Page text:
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Bob Bushell's Wildlife Photography

Bob Bushell's Wildlife Photography
There is a photo of a Smew. And the Little Owl by Callum on our Guest Photos.

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Wednesday, 29 May 2013

Wild Boar (female) (Sus scrofa)

I  thought that it  would be a nice thing if I would leave you the pictures if the Wild Boar. So, cheers to everyone who looks at it.I will be back in about 10 days. Cheers, ciao, salute..................
By  the way, it's not good to feed the Wild Boar, as this one was, because there a people who want to kill them. And, it is not to be over friendly.
I won't be answering your comments, sorry.







 This is Callum, my son, who was lying down to be friendly.



And this with the Boar following him.


Tuesday, 28 May 2013

Mandarin Duck (male) (Aix galericulata)

One more day and I'm off on holidays, with my bro, Pete. I am truly happy, because he helps me in lots of ways. I couldn't do the things on my own, travelling long way, and organise places that stay, in fact, he is a wizard. Thanks Pete.






Sunday, 26 May 2013

Chiloé Wigeon (Anas sibilatrix),

The Chiloé Wigeon, also known as the southern wigeon, pato overo or pato real, is one of three extant species of wigeon in the Anas genus of dabbling ducks. This bird is indigenous to the southern part of South America. Wikipedia








Saturday, 25 May 2013

Great Crested Grebe + 3 chicks

I had too show you this one. It was far away from me, with a lot of cutting, this is it. I'll be back there.....


Government approved cull of endangered birds on Duke of Westminster’s Estate


Tens of thousands of endangered  have been shot, trapped and poisoned on one of England’s largest shooting estates with the approval of the government agency responsible for protecting the species, a Guardian investigation has found.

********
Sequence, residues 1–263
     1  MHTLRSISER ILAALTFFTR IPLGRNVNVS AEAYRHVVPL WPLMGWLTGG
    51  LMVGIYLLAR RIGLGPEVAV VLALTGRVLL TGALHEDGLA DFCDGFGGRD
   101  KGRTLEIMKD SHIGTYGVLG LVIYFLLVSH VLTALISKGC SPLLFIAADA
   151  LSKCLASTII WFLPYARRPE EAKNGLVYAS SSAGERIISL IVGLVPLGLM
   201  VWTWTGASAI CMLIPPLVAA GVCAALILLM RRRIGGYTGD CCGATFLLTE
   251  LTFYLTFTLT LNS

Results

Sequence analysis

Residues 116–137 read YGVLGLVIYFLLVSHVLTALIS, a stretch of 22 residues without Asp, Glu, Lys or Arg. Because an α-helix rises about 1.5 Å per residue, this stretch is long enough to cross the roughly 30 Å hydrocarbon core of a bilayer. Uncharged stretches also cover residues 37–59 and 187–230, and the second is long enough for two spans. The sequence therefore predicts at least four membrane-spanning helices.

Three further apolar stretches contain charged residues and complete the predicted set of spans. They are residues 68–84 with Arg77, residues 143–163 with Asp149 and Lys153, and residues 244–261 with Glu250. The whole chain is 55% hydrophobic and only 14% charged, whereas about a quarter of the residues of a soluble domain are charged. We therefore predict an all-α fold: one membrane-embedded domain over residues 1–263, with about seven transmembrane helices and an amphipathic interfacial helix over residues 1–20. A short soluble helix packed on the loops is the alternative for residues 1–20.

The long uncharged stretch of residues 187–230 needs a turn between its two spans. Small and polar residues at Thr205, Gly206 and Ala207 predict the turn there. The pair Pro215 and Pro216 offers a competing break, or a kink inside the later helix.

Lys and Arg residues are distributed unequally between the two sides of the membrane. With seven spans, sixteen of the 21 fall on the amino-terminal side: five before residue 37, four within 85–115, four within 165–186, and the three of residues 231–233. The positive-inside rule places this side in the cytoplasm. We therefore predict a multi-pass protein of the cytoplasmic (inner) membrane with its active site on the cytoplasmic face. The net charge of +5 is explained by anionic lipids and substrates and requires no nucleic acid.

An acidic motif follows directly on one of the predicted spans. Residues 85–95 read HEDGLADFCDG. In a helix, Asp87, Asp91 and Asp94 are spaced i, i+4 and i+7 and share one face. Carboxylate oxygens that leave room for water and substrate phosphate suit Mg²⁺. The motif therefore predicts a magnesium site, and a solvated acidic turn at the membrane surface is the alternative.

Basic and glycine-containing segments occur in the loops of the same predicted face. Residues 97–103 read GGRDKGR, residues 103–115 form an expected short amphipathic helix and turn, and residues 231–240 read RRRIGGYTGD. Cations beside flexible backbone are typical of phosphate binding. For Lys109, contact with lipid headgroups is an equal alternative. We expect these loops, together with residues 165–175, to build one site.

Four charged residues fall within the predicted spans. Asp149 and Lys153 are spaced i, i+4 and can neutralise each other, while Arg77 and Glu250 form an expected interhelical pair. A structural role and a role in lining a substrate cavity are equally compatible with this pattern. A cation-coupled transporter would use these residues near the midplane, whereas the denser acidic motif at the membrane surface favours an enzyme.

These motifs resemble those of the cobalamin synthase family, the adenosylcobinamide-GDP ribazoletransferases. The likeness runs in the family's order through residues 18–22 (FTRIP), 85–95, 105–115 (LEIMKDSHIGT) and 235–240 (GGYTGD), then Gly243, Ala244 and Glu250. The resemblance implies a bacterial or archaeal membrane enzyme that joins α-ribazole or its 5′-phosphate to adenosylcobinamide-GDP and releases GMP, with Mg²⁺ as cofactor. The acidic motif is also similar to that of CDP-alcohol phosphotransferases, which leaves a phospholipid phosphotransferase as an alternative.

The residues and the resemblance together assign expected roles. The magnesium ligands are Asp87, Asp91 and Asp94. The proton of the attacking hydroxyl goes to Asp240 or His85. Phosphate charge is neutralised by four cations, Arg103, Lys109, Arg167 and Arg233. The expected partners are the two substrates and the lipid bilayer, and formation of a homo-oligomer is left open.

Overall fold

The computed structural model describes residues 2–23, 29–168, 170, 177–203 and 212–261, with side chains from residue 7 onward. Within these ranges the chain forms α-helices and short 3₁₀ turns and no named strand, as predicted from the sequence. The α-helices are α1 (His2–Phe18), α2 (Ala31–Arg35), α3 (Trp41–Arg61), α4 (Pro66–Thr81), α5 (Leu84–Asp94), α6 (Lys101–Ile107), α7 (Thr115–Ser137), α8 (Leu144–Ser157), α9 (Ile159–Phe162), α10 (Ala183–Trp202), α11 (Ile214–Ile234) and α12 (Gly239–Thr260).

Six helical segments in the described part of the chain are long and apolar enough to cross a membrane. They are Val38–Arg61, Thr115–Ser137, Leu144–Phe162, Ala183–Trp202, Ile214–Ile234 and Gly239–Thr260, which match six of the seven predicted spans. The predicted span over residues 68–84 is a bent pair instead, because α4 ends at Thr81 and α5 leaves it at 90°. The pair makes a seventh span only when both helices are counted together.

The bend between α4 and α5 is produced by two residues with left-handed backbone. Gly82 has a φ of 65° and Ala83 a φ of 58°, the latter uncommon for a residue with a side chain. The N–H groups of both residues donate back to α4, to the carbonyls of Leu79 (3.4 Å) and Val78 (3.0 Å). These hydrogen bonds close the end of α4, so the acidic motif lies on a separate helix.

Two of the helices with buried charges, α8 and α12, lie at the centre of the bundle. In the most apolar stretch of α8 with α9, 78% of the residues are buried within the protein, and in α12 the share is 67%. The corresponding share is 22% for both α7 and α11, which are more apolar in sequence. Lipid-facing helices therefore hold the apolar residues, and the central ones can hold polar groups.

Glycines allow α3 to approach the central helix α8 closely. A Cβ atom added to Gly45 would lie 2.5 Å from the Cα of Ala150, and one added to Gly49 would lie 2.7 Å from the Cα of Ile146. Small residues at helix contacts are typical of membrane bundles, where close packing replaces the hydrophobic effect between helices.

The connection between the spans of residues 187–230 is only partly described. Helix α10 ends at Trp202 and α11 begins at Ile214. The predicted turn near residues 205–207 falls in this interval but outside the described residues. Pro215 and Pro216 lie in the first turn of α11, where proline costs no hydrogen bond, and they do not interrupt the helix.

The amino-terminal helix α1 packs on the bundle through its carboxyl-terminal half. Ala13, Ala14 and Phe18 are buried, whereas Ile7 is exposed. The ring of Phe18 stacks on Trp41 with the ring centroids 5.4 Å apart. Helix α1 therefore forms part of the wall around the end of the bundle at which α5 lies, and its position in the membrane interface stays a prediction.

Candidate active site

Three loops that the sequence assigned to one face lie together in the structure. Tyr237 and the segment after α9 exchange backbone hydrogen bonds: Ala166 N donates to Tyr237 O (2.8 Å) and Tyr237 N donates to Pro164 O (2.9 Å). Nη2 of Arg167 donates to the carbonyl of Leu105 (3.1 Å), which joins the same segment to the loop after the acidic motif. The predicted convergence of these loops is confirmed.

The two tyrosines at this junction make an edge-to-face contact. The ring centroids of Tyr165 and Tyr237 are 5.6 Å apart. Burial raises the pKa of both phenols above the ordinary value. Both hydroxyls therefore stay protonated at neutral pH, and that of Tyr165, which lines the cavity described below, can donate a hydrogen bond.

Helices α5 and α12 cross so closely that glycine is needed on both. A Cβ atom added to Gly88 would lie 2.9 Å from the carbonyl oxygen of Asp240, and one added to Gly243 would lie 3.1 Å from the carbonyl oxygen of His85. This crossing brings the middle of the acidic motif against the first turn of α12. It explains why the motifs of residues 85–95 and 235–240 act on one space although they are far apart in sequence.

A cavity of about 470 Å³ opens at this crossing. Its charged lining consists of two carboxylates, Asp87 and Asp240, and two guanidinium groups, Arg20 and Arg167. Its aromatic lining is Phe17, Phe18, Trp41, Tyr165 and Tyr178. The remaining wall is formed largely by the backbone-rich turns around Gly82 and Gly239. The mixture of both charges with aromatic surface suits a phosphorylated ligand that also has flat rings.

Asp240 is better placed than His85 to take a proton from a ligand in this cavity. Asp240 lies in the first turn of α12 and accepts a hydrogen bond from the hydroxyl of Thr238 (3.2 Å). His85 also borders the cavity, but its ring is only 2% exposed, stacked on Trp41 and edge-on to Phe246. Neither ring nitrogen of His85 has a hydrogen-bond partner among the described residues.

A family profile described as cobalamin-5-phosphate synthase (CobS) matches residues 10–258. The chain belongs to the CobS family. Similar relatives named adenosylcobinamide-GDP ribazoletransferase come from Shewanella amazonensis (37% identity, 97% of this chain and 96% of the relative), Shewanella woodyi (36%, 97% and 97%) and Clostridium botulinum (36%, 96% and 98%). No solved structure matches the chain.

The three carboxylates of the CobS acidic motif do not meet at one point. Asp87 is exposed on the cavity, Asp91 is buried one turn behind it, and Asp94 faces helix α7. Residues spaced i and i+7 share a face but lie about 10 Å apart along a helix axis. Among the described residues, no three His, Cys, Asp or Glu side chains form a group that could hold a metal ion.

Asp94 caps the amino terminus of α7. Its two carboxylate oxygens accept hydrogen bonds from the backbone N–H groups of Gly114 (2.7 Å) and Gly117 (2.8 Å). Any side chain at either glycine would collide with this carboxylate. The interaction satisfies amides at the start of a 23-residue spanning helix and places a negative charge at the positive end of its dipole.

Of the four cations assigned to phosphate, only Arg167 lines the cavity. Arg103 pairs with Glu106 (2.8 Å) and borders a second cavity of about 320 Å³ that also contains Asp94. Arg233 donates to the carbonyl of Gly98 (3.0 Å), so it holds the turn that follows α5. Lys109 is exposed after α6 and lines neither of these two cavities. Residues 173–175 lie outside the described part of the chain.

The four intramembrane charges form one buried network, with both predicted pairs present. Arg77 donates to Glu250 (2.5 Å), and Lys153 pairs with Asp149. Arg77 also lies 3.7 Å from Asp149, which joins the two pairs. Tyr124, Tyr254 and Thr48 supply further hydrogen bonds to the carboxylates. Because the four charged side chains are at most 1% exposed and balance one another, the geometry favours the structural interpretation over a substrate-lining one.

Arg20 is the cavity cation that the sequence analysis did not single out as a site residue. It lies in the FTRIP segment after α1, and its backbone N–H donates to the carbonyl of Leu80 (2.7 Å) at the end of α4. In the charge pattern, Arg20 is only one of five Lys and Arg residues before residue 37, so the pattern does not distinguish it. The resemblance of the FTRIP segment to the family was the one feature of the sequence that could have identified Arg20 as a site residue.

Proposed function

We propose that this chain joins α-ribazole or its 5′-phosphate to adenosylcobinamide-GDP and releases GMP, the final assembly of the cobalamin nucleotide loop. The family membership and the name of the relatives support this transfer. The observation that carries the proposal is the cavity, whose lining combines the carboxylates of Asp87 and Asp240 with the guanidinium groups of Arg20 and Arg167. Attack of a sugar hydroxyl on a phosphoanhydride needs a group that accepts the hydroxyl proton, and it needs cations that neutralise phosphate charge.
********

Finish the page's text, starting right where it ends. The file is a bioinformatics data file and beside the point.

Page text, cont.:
The government has licensed an annual cull of lesser black-backed gulls on the Abbeystead estate on the Bowland Fells in Lancashire for decades, officially to stop water pollution. However, some experts believe the culling was also partly to protect  shooting interests.
‘Confusion’ over the legal protection status of the has allowed culling to continue, despite its population crashing in recent years. Photograph: Ellie Rothnie/Alamy
Abbeystead gull cull map
The regulator  now admits that, since a government-led bird  review occurred in 2001, “confusion” over the legal protection status of the species has allowed the culling to continue, despite its population crashing in recent years.
Chris Packham, the BBC Springwatch presenter and naturalist, has described the situation as a “travesty” and the RSPB is now calling for an urgent review.
The 23,500-acre Abbeystead estate was bought in 1980 by a trust “on behalf” of the Duke of Westminster, one of the UK’s richest landowners. The duke’s Grosvenor Estate manages the Abbeystead estate, which hosts  and grouse shoots.
The estate was first allowed to cull the gulls in the 1970s on the grounds that droppings were polluting the watercourse. The licence to cull was last renewed by NE in 1999. But a former Abbeystead gull surveyor has admitted that the culling has been conducted, in part, to protect the “economy of the shooting estates”. The species is known to eat grouse eggs.
Documents released to  under freedom of information laws show that techniques deployed over the years have included the use of a poison called alpha-chloralose, cannon-netting, gas guns, flag waving, falconry and shooting. Until 2003, 4,000-10,000 birds a year were being poisoned on the estate, according to one NE document. It is not known which culling techniques have been used since then.